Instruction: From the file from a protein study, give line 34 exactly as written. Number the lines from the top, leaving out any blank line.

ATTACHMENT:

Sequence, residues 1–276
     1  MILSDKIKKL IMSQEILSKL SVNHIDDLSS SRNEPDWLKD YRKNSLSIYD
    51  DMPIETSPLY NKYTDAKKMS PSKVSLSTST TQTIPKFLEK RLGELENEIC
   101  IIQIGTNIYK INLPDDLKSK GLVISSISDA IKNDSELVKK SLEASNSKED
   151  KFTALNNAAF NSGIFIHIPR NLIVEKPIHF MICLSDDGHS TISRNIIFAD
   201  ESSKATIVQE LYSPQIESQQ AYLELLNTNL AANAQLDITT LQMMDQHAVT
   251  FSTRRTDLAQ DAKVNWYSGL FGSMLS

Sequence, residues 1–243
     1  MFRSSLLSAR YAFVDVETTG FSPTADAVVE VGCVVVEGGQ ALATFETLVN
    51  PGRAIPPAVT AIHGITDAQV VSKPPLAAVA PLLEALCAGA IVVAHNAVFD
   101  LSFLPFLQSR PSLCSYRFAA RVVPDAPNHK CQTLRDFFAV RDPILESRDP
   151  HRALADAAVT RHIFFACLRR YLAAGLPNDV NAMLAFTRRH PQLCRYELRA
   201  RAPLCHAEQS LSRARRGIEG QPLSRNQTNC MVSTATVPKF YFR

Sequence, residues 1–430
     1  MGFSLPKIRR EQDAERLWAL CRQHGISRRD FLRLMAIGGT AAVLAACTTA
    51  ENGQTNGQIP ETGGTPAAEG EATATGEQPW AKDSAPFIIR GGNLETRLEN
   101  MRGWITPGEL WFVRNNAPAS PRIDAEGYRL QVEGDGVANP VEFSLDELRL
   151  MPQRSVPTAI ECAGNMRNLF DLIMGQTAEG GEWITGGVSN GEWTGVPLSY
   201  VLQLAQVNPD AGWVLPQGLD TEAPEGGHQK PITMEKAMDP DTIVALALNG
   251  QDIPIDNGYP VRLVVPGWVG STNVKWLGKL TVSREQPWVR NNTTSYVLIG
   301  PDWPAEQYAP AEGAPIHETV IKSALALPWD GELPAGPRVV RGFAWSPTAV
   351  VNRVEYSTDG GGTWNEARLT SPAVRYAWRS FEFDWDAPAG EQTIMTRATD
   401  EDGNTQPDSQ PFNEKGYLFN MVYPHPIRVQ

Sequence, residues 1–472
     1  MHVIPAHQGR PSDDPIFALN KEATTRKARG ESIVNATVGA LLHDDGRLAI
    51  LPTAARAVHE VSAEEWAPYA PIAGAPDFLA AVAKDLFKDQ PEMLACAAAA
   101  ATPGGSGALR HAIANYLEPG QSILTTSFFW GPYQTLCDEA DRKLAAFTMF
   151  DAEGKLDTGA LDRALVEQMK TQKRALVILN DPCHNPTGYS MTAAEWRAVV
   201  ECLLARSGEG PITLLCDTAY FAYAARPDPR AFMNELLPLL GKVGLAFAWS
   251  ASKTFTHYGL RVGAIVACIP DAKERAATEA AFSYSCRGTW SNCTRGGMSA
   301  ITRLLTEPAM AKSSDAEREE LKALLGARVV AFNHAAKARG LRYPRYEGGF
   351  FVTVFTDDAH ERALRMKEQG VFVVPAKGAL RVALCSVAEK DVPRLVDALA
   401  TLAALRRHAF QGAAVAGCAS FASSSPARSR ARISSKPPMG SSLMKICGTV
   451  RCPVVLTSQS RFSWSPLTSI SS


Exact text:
   451  RCPVVLTSQS RFSWSPLTSI SS